A collection of activities from the pages of Scholastic Teacher magazine.
1. Become a gamer.
Playing video games is a favorite pastime for many of your students, so why not look at your curriculum through the lens of games? When talking about how disease affects the human body, have students imagine germs or viruses as the villains and white blood cells and antibodies as the heroes. For a history lesson, have them imagine the setting and the various characters in a battle or conflict. Then, ask students to write a detailed plan for a video game that incorporates elements of your unit of study, including illustrations of scenes.
2. Spoof a favorite TV show.
Allow students to bring their favorite shows into the classroom by creating their own versions. For a social studies class, they could do a spoof on current events, like they might see on The Simpsons. For a history lesson, students can retell historical events using modern characters from a TV show. For a literature class, they might dramatize the events of a novel read in class or create a story of their own. Taping their own shows can include writing a script, working as a team, playing roles, and using video technology.
3. Karaoke in a foreign tongue.
Susanna Zaraysky, a former substitute teacher and the author of Language Is Music, once organized a Spanish-only karaoke contest for her eighth graders. They chose Spanish versions of their favorite pop songs and, after submitting the lyrics for approval, worked with partners to act out the songs, as in a music video. Each group had to explain what the song was about. “Not only did the kids have fun dressing up and dramatizing the lyrics, they also learned to pronounce the words correctly,” Zaraysky says. “The language was alive for them, not just words in a book.”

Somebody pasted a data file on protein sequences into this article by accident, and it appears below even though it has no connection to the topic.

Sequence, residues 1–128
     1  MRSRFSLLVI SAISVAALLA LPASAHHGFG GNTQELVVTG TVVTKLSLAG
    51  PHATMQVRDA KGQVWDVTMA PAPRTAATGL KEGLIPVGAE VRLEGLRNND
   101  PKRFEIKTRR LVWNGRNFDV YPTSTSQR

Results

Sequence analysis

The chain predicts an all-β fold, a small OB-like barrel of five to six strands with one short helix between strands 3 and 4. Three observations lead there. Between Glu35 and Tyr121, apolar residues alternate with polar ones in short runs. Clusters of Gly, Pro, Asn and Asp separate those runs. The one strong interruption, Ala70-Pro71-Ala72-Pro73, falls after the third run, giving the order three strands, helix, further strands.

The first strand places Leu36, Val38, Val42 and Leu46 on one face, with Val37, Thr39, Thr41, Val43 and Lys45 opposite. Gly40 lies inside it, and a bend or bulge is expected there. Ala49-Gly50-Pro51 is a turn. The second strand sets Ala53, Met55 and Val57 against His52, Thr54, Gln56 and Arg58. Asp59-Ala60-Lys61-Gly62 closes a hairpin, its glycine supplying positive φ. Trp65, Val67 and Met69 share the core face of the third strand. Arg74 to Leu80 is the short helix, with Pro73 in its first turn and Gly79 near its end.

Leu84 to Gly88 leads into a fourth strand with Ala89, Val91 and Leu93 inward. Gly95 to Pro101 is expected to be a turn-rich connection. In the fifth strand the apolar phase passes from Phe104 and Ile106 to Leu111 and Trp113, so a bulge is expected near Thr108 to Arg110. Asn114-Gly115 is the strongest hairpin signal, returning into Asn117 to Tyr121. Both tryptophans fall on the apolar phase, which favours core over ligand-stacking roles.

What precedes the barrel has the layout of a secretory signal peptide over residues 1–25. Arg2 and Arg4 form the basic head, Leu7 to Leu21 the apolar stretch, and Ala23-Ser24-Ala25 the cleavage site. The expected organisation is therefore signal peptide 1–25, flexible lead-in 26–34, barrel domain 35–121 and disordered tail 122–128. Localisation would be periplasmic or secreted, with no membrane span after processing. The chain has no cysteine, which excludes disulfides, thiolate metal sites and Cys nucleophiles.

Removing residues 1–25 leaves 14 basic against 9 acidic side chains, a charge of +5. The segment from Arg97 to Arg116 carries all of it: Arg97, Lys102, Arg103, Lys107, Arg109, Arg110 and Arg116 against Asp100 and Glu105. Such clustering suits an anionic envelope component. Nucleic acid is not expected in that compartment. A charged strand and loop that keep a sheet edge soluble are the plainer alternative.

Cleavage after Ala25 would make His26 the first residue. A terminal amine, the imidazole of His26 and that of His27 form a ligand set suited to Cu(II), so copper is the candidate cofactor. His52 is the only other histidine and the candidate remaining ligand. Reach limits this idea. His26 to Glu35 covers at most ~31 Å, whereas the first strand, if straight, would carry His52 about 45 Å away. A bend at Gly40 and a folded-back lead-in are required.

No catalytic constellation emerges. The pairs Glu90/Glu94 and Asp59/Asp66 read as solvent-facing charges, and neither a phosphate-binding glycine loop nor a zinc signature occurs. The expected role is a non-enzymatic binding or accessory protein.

4. Go into sales.
Every day, students are bombarded with advertising through television, print, and the Internet—and these ads play an important role in popular culture. Subjects such as persuasive writing or speaking, economics, and history all offer opportunities for students to examine their experiences with advertising. Ask students to bring in copies of print ads or watch favorite commercials in class. Discuss the psychology behind each ad and whether it’s effective. Consider comparing historical advertisements with contemporary ones, so they can see how things have changed, or stayed the same. Ask students to create their own ads in print or on video to share with the class.
5. Connect with music.
Instead of telling her students they were going to study poetry, former English teacher Gaye Weintraub introduced the unit by passing out copies of song lyrics and asking for student feedback. Next, she asked students to bring in the lyrics to their own favorite songs; after reading them aloud, they discussed the meanings behind some of the words, the tone, and the compositions. Finally, Weintraub talked about how songs are a form of poetry, and how poets, like songwriters, use similes, metaphors, and other figures of speech to connect with the audience. “Most students ended up in the library looking for more books on poetry and brought poems they discovered on their own to me,” says Weintraub.
6. Go to the movies.
Find ways to incorporate your students’ favorite films into the curriculum. For instance, a number of newly released films about superheroes (such as The Avengers and The Amazing Spider-Man) could offer a jumping-off point for studying heroes and villains. Have the class compare and contrast the characters from the movies with the real-life or literary heroes you are studying. See if analyzing the movies can help them determine the characteristics of the archetypal hero.
7. Dissect a sitcom.
Renee Hobbs, founder of the Media Education Lab at Temple University and author of Digital and Media Literacy: Connecting Culture and Classroom, designed a curriculum based on Nickelodeon’s iCarly, one of the most popular programs for this age group. Hobbs’s curriculum uses short excerpts from the show and requires students to analyze the personalities of the various characters and then create a chart to categorize the five different types of humor in the show: slapstick, visual, insults, wordplay, and running gags. You might do something similar with another popular sitcom, or ask students to conduct online research to learn about a program’s history, its production process, and its fans.
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